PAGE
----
|12||Nicollet County Courthouse and Jail||
|501 S, Minnesota Ave.
||St. Peter||1881 brick Romanesque Revival courthouse designed by Edward Bassford, and 1907 brick Queen Anne jailhouse.|
|Minnesota Ave. at Park Row
||St. Peter||1874 brick Italianate hotel designed by Edward Bassford.|
|14||Norseland General Store||
|Minnesota Highway 22
||Lake Prairie Township||c. 1900 rural store.|
|15||North Mankato Public School||
|442 Belgrade Ave.
||North Mankato||1890 brick Queen Anne school with a 1904 addition.|
|16||Old Main, Gustavus Adolphus College||
|Gustavus Adolphus College campus
||St. Peter||1876 Italianate campus building of Kasota limestone, designed by Edward Bassford.|
|17||Emily and Stephen Schumacher House||
|202 3rd St., N.
||St. Peter||1888 brick Queen Anne house.|
|18||St. Peter Armory||
|419 S. Minnesota Ave.
||St. Peter||1913 brick Gothic Revival armory with Kasota limestone trim, first state-owned National Guard armory in Minnesota.|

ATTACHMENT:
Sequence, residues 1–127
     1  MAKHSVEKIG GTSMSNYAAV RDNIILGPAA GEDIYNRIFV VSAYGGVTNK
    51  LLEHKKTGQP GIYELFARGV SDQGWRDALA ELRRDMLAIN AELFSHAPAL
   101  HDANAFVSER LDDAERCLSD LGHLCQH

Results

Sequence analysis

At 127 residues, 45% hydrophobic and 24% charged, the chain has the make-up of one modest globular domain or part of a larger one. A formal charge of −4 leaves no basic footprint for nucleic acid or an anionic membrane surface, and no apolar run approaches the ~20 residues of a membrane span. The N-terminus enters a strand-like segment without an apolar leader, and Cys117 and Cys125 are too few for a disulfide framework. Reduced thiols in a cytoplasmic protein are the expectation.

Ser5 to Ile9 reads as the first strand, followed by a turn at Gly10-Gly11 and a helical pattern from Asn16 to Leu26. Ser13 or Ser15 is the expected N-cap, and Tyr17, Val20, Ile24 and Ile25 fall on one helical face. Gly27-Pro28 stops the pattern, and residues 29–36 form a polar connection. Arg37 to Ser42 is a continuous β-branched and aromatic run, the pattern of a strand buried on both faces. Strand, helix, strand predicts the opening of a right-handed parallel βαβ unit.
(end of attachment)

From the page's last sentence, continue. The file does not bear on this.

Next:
|19||St. Peter Carnegie Library||
|429 S. Minnesota Ave.
||St. Peter||1904 Classical Revival Carnegie library.|
|20||St. Peter Commercial Historic District||
|Minnesota Ave. between Broadway and Grace Sts.
||St. Peter||Late-19th and early-20th-century commercial buildings, largely of brick with stone trim.|
|21||William E. Stewart House||
|733 Range St.
||North Mankato||1910 brick house and outbuildings built adjacent to owner's brickyard.|
|22||Henry A. Swift House||
|820 S. Minnesota Ave.
||St. Peter||1858 Federal/Italianate house of politician Henry Adoniram Swift.|
|23||Traverse des Sioux||
|2 miles north of St. Peter off U.S. Route 169
||St. Peter||An important river crossing from prehistory into the fur trade era, and site of U.S.–Dakota negotiations for the 1851 Treaty of Traverse des Sioux. Now a state and Nicollet County Historical Society site.|
|24||Union Presbyterian Church||
|311 W. Locust St.
||St. Peter||1872 Gothic Revival church of Kasota limestone.|
|||Name on the Register||Image||Date listed||Date removed||Location||City or town||Summary|
|1||Bridge No. 6422-Saint Peter||
||MN 99 over Washington Avenue
||St. Peter||1948 deck girder bridge of cantilevered concrete, first of its kind in Minnesota. Demolished in 2001.|
|2||St. Peter Central School||
||300 S. 5th St.
||St. Peter||Destroyed in the 1998 Comfrey – St. Peter tornado outbreak. Original façade worked into Central Square Apartments on the same site.|
- List of National Historic Landmarks in Minnesota
- National Register of Historic Places listings in Minnesota